Speech-language pathology

Undergraduate Program

The Department of Speech and Hearing Sciences offers a bachelor of arts degree in speech-language pathology/audiology. The curriculum fulfills preprofessional requirements for students who wish to pursue graduate studies in these disciplines.

Undergraduates obtain an overview of speech production and perception, articulation, fluency, hearing, language and voice. Anatomy and physiology courses provide foundations for understanding normal and abnormal communication processes over the lifespan. Methods of prevention and treatment are also addressed in the curriculum.

A three-course American Sign Language option is available. Students also observe and may assist professionals in The Children's Center, The DuBard School and The Speech and Hearing Clinic.

Undergraduate advisers*

A-D: Steve Cloud; E-H: Rachel Powell; I-L: C.G. Marx; M-P: Steve Oshrin; Q-T: Mary Schaub; U-Z: Lee Terrio
*assigned by student's last name

Graduate Program

The master's of science degree in speech-language pathology is a five semester program. Master's of science students must complete 15 SHS courses with 4 semesters of on-campus clinical practicum and one semester of off-campus praticum. Students who complete the curriculum are eligible for state licensure and ASHA's CCC-SLP.

Students accepted on regular admission status enroll in 12 credit hours of course work during the fall, spring and summer terms. Lectures and seminars address normal and abnormal communication processes, assessment, treatment and prevention techniques over the lifespan. Topics include adult neurogenics, articulation, augmentative devices, dysphagia, fluency, language, motor speech disorders and multicultural language issues. The curriculum emphasizes writing skills and a knowledge and application of research techniques.

Initial on-campus practica are completed in The Children's Center, The DuBard School or The Speech and Hearing Clinic. Subsequent clinical experiences are obtained with Speech-Language Pathologists in the Laurel-Hattiesburg area. The off-campus coordinator arranges final-semester externships. Students must pass a comprehensive examination and the national examination in Speech-Language Pathology (Praxis II) toward the end of their program of studies.

Application deadline: February 1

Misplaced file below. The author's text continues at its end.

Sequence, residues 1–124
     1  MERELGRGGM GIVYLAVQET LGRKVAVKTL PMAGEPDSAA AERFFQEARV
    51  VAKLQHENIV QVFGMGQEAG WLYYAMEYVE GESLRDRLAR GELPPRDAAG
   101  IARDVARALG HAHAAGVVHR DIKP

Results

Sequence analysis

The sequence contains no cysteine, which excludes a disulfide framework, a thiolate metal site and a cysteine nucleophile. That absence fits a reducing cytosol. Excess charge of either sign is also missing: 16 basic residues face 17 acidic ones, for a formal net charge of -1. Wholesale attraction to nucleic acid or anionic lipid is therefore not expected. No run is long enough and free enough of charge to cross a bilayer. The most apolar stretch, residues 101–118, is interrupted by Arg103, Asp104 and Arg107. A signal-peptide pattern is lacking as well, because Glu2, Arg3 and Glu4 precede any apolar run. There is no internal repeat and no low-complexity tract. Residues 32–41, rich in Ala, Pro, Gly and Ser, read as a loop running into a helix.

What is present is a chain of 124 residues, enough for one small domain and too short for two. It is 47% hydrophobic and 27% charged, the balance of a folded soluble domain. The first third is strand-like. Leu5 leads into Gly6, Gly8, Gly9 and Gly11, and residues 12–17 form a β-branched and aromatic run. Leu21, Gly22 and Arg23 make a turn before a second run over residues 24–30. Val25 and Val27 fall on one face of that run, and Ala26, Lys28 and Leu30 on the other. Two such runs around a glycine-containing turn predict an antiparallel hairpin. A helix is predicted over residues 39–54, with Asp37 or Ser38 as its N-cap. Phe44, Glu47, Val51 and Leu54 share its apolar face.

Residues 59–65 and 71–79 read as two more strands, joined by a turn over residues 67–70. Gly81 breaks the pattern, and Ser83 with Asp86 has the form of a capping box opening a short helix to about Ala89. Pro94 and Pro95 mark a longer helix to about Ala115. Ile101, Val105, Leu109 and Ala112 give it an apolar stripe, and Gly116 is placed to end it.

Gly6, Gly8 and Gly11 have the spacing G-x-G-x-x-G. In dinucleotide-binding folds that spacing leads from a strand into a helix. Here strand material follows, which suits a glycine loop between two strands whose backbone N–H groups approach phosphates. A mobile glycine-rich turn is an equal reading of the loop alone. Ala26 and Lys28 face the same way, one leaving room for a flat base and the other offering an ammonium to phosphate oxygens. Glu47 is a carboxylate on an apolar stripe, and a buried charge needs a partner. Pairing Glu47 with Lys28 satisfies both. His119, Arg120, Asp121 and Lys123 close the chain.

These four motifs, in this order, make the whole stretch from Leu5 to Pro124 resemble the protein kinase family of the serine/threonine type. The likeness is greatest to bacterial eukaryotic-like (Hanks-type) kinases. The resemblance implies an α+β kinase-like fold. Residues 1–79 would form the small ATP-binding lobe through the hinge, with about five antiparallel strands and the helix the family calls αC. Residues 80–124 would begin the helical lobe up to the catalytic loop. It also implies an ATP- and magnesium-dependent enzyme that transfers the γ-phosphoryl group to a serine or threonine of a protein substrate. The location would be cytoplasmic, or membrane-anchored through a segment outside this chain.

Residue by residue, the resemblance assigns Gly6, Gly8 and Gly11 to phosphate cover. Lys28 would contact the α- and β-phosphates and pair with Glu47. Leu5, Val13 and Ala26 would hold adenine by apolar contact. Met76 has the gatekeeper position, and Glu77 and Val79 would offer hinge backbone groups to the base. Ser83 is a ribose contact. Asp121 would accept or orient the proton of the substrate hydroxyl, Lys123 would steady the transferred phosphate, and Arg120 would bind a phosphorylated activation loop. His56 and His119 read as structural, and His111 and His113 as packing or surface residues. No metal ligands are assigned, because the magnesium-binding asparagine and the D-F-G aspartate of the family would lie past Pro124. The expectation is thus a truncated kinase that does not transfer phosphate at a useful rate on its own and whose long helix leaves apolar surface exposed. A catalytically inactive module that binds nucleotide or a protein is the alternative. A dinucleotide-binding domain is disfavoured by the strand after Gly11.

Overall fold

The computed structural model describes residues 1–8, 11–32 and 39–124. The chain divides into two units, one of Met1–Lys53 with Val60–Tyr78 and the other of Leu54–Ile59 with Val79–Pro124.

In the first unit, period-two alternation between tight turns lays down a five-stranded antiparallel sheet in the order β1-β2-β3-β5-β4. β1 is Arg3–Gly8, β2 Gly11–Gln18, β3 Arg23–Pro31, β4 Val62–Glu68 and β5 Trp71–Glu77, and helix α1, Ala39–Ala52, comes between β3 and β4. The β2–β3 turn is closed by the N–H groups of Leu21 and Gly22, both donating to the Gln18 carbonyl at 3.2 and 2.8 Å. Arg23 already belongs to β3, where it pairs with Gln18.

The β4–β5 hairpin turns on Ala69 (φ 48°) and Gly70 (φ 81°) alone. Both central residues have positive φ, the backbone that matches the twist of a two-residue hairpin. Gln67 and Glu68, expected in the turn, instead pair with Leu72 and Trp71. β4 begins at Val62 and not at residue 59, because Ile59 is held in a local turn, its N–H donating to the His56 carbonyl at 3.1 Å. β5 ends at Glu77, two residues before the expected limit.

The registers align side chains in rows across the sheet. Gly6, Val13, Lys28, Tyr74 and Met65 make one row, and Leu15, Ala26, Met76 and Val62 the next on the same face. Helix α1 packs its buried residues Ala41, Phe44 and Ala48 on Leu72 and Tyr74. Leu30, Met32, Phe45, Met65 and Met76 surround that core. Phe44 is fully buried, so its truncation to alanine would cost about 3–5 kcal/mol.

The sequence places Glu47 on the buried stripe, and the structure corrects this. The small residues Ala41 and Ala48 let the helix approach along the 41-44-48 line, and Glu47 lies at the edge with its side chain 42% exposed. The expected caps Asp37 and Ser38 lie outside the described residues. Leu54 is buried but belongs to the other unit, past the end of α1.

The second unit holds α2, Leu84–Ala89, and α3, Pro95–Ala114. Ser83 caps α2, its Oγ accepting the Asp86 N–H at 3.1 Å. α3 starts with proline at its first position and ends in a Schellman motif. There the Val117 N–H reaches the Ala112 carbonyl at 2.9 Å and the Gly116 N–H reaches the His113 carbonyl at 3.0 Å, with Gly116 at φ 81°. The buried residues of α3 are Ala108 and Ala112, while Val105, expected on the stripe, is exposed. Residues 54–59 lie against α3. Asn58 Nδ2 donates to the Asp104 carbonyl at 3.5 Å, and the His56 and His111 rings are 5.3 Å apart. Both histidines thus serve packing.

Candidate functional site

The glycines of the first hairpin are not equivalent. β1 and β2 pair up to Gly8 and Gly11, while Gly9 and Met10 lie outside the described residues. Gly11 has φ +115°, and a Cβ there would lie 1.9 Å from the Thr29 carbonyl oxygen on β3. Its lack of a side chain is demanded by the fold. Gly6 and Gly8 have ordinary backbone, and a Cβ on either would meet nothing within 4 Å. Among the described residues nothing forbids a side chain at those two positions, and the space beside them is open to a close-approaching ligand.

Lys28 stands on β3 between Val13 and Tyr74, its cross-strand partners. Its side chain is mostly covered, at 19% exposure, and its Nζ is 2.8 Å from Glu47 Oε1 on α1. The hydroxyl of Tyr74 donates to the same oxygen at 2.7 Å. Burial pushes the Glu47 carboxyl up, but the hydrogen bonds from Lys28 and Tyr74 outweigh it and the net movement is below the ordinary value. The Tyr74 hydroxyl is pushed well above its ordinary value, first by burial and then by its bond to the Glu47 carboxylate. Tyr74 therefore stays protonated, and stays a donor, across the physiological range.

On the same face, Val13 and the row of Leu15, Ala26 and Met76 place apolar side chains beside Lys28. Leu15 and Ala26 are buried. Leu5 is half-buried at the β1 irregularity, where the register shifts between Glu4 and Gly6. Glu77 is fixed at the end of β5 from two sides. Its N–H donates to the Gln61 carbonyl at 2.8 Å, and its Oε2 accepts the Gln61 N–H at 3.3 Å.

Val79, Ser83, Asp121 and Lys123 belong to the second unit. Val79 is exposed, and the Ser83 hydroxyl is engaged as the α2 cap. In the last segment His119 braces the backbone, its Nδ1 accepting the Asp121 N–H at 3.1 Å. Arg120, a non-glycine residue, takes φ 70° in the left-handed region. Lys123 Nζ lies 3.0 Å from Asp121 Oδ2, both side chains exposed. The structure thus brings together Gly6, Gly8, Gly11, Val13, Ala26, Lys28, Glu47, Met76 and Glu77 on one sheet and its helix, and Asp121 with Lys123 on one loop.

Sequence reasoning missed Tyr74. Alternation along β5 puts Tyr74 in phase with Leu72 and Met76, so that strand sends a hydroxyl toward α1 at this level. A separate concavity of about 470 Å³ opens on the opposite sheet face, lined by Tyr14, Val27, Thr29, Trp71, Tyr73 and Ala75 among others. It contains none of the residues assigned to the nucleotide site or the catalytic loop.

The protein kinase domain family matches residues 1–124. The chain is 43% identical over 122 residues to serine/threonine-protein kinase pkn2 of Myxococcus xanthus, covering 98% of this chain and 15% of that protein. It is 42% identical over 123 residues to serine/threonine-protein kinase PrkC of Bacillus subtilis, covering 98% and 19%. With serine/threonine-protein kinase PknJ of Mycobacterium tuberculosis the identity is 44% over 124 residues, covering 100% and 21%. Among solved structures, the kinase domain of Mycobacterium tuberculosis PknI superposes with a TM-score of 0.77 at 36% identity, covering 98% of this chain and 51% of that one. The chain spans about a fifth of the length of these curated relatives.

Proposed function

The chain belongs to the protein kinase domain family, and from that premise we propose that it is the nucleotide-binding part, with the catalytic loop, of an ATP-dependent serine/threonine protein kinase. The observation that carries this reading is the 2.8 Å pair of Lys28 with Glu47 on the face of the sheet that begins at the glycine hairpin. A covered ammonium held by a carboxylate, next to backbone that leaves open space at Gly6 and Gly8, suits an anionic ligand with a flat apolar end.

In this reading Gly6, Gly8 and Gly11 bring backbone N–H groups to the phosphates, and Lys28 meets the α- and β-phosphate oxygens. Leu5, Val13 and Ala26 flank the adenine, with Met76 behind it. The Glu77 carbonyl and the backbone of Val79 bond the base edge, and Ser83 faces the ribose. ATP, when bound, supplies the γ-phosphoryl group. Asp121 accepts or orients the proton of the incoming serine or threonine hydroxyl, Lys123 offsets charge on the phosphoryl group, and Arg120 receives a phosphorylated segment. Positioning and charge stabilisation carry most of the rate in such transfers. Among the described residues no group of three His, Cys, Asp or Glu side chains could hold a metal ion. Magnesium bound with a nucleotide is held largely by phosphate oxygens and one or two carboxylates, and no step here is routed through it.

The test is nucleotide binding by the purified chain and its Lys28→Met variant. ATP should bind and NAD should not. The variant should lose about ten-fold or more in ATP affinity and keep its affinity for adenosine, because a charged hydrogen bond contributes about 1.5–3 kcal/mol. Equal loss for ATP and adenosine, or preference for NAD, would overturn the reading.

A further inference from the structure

Speech-language pathology graduate students are admitted full-time during the fall semester. The entire application process is online (click the APPLY link at the top of this page). Applicants should submit either unofficial transcripts* (which applicants can upload themselves) or official transcripts* and GRE scores; letters of recommendation are not required. The online application includes assistantship requests. International applicants should apply to the Center for International Education. All materials should be on file well in advance of the February 1st deadline.

(*Official final transcripts are required to be on file in The Graduate School prior to the beginning of the student's second semester of study.)

Orientation

A mandatory two day orientation is held for new graduate students each fall. Students meet the department chair and program directors. Topics of discussion include academic honesty, clinical policies, code of ethics, complaint/conflict resolution, departmental policies and procedures, HIPAA, KASA, off-campus assignments, scope of practice and standard (universal) precautions.

Certification

Students must pass a standardized examination in Speech-Language Pathology (the PRAXIS II) in order to qualify for national certification (the Certificate of Clinical Competence in Speech-Language Pathology) from the American Speech-Language-Hearing Association. Any number of states also require the PRAXIS for professional licensure. Students who wish to take the national examination are encouraged to do so during the final semester of the program.

ASHA Certification Standards in Speech-Language Pathology

Graduate adviser: Steven Cloud